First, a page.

November 28, 2011
Five Bases of Power
Power is said to be ability of one person, group, or organization to control another person, group, or organization. Power is also refer to when one individual makes another do what the other wished through fear, force, persuasion, or reward. For example someone may be powerful because he or she could fire or assign a task someone does not like. Other could be powerful by having the ability to give a raise or bonus. Furthermore, power could depend in the knowledge an individual poses or a person charisma or admiration that contributes to respect. In a research made by social psychologist John French and Bertam Raven in 1959 power is divided into five separate and distinctive forms; coercive, reward, legitimate, referent, and expert. According to this social psychologist coercive, reward, and legitimate power are considered as positional power bases; referent and expert are personal power bases. Positional Power Sources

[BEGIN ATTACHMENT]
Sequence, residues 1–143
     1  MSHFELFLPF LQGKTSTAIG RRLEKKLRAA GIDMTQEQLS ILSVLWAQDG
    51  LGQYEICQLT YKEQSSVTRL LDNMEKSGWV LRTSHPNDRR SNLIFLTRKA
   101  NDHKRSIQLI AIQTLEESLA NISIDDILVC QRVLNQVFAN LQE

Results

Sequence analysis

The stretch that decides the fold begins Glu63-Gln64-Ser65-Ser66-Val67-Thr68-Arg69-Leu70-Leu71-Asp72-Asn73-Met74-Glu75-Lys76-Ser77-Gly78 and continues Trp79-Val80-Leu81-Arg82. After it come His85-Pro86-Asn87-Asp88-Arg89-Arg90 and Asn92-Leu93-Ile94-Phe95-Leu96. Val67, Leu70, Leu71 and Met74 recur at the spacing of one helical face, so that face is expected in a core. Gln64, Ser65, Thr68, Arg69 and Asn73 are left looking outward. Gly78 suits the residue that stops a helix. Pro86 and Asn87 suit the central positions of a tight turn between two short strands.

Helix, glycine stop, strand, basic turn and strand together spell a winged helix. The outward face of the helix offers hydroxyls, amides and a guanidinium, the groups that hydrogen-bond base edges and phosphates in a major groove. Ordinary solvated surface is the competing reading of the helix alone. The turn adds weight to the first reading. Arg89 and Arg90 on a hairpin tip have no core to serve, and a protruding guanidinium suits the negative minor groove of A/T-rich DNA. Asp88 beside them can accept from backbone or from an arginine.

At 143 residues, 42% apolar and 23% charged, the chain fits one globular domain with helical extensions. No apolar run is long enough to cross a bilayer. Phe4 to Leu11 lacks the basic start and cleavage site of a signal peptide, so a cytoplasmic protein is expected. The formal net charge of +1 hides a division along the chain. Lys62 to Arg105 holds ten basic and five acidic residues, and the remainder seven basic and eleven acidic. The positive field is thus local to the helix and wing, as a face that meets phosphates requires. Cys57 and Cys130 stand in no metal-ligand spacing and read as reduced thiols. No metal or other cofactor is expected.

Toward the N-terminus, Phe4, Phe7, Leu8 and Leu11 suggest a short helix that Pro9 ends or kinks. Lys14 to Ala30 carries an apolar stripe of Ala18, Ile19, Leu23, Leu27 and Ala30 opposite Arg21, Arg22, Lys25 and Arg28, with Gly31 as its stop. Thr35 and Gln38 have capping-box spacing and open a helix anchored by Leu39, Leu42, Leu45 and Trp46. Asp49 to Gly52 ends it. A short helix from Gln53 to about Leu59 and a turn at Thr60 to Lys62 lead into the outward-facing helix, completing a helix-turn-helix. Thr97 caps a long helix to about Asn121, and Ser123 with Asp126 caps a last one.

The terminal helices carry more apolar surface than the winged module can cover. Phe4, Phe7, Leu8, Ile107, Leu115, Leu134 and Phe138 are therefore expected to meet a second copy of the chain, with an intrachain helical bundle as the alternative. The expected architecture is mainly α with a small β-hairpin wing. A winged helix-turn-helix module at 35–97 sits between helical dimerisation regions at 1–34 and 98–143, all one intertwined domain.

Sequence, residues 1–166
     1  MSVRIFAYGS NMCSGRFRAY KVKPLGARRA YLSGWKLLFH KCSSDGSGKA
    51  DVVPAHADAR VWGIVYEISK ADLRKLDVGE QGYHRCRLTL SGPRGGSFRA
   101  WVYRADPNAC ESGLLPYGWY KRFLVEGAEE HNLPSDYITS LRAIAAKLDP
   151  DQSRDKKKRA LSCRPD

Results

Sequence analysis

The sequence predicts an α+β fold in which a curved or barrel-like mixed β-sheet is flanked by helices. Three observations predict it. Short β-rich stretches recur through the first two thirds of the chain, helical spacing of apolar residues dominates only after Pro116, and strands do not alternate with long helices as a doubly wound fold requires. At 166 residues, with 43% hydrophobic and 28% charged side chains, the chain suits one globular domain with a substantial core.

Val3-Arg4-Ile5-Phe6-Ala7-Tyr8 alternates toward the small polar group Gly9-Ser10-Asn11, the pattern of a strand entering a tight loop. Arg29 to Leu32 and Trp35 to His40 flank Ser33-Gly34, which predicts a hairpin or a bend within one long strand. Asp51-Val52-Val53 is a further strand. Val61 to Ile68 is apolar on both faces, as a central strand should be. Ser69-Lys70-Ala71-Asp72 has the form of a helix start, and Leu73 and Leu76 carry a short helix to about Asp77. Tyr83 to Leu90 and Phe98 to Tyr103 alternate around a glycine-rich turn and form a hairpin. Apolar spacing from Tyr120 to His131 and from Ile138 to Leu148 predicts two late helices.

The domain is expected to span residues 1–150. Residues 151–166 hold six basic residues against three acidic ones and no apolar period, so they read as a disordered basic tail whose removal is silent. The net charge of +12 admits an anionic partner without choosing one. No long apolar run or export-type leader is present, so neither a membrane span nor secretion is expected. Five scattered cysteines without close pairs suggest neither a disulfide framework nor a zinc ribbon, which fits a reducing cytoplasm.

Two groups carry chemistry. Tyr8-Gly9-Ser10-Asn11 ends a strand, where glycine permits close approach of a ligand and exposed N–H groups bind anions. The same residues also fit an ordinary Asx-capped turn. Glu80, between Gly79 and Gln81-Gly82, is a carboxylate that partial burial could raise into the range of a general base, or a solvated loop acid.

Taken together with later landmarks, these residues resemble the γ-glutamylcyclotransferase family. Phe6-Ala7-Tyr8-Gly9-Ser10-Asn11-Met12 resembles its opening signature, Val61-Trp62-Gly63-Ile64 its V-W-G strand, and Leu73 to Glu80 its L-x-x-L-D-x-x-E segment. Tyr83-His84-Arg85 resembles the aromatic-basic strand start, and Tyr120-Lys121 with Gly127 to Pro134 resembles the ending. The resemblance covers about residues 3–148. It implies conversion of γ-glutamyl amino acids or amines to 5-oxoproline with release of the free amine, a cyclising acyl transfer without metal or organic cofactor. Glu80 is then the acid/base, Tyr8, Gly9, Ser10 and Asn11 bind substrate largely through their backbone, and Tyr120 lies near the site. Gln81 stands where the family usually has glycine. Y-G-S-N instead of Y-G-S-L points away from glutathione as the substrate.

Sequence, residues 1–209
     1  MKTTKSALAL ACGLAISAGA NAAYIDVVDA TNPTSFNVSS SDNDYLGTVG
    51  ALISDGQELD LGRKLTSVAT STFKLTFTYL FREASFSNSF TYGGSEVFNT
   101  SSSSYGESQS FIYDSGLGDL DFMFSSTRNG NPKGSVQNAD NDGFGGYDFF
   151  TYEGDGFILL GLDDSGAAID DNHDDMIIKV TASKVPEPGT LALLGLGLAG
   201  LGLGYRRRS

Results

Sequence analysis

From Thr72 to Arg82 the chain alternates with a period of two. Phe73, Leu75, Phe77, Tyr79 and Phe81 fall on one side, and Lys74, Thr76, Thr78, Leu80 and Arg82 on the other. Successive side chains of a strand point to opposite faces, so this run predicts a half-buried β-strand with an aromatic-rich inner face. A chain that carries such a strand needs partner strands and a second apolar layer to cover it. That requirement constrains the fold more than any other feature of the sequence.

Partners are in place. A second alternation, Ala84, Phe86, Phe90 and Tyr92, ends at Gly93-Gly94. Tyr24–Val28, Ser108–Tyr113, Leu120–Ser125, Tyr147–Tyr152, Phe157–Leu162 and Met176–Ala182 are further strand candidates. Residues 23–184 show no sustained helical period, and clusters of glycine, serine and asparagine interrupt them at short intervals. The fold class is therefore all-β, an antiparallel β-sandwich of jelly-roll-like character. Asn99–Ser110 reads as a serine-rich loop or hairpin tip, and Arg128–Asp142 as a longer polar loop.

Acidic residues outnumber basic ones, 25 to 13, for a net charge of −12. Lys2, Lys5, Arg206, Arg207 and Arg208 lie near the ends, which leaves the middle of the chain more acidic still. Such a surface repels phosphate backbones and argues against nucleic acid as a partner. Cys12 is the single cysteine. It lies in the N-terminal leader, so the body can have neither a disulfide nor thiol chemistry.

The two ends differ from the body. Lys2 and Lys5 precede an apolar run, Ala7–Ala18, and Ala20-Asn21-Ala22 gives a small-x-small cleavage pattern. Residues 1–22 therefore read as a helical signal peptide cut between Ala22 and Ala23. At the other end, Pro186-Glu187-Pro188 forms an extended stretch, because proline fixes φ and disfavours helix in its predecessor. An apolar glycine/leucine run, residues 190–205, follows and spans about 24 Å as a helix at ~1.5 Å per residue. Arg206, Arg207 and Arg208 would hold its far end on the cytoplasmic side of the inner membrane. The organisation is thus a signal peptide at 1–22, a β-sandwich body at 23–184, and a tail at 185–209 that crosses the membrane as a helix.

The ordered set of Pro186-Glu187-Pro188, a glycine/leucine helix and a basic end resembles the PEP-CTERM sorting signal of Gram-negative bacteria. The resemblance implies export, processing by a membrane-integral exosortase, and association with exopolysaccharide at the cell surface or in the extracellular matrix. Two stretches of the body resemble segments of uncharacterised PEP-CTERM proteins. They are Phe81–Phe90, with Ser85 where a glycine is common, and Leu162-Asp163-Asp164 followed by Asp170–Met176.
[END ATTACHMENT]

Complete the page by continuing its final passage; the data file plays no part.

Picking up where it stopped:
Coercive is considering a positional power source. Coercive power is a when a person force others to do something they do not want to do. This type of power most of the time may cause problems and can be subject to abuse. Using coercive power in the work of place could lead to unhealthy behavior and dissatisfaction. Leaders used punishment and threatening to make people do whatever they wished because they can fire, demoted, and give undesirable assignments. Although a position may give people the capability to intimidate others, it doesn’t mean that they have to do it. Occasionally coercive power can be used as a last resort but not as form of leadership. Legitimate is another formal power source. A president, governor or a chief executive officer poses this type of power. It has to be with someone holding an important position in an organization, country or city that typically has this source of power. Legitimate power can be unpredictable...